Living With Stargardt’s, Best Disease, and Juvenile Retinoschisis
If you have been told there is nothing that can be done for juvenile macular degeneration, give us a call! Dr. Marianne McDaniel uses the latest technology to enable you to live life to its fullest.
What Is Juvenile Macular Degeneration?
Juvenile macular degeneration or JMD is the term used to refer to a few genetic conditions that cause deterioration of the macula and lead to central vision loss that is similar to age-related macular degeneration. The three types of JMD are Stargardt’s, best disease, and Juvenile Retinoschisis. JMD effects children, young adults, and adults, although in many cases vision loss only begins later in life. Because stargardts, best disease, and juvenile retinoschisis cause such extreme vision loss that can make it feel like there is no hope, it is recommended to visit an eye doctor that is well versed in the latest technology available for a JMD patient.
Stargardt's is the most common form of juvenile macular degeneration, as it generally causes severe vision loss of 20/100 to 20/400 by the time the patient is in their 30's and 40's. In most cases the vision loss will start slowly beginning to speed up rapidly as the patient's vision deteriorates to 20/40. While there is currently no treatment option available for Stargardt's, there are many different options available that can significantly improve the independence and lifestyle of a patient with Stargardt's. A person with this disease may benefit from telescope glasses or bioptic glasses which will allow the performance of tasks such as reading.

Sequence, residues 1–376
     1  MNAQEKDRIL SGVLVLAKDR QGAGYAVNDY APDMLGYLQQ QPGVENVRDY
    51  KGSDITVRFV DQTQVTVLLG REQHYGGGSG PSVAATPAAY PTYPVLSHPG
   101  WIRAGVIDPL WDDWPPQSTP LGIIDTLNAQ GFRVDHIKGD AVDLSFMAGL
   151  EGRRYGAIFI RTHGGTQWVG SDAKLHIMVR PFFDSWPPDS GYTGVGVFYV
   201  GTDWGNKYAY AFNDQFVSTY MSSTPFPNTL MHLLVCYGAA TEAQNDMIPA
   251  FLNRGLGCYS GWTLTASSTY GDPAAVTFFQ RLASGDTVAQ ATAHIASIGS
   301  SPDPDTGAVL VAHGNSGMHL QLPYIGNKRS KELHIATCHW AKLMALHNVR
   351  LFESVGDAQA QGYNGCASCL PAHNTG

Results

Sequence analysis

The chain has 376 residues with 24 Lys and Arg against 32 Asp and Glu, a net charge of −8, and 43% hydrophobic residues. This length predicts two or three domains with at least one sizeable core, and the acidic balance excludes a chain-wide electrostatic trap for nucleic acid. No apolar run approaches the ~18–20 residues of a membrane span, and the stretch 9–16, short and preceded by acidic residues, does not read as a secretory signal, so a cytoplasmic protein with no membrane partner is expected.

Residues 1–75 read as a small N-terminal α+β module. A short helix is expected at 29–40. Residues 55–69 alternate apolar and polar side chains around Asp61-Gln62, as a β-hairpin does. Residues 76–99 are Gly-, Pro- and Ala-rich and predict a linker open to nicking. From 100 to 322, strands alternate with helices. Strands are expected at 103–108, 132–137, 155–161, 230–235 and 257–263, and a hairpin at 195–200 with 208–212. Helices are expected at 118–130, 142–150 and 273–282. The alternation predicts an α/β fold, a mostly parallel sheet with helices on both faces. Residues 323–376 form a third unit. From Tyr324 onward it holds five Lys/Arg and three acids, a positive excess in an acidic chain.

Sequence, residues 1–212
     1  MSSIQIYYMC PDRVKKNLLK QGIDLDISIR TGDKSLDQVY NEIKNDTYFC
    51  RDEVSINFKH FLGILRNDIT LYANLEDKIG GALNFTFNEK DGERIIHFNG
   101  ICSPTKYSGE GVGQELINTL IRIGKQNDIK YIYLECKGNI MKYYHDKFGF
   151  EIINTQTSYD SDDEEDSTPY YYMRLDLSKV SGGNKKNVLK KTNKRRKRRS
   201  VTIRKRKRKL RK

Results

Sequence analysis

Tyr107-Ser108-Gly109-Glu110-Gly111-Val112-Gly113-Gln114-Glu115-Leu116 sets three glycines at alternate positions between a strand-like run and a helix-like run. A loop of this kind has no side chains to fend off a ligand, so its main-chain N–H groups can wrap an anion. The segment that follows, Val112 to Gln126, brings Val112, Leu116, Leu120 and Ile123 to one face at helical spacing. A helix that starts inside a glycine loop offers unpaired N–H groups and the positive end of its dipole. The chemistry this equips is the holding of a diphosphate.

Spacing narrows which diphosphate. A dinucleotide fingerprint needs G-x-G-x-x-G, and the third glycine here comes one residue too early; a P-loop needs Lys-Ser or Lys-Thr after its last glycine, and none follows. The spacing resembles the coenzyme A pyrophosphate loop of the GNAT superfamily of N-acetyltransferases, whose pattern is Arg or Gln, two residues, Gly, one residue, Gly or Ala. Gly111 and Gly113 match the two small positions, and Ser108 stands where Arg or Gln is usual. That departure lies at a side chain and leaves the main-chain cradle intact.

Best disease or cest vitelliform macular dystrophy is the second most common form of juvenile macular degeneration. The development of best disease occurs over 5 stages:
- Stage 1-3 exhibiting little or no vision loss
- Stage 4 shows similar or slightly worse vision then stage 1-3
- Stage 5 is classified by a vision from 20/30-20/200
- Stage 6 occurs in 20% of patients with vision of 20/200 or worse
Best disease affects central vision and the patient generally retains side or peripheral vision. In many cases, the disease does not affect both eyes the same way and many patients will retain vision better in one eye over the other. There is no current treatment for Best disease, however significant improvements in quality of life can be achieved with task-specific corrective lenses such as telescope glasses and CCTV magnifiers.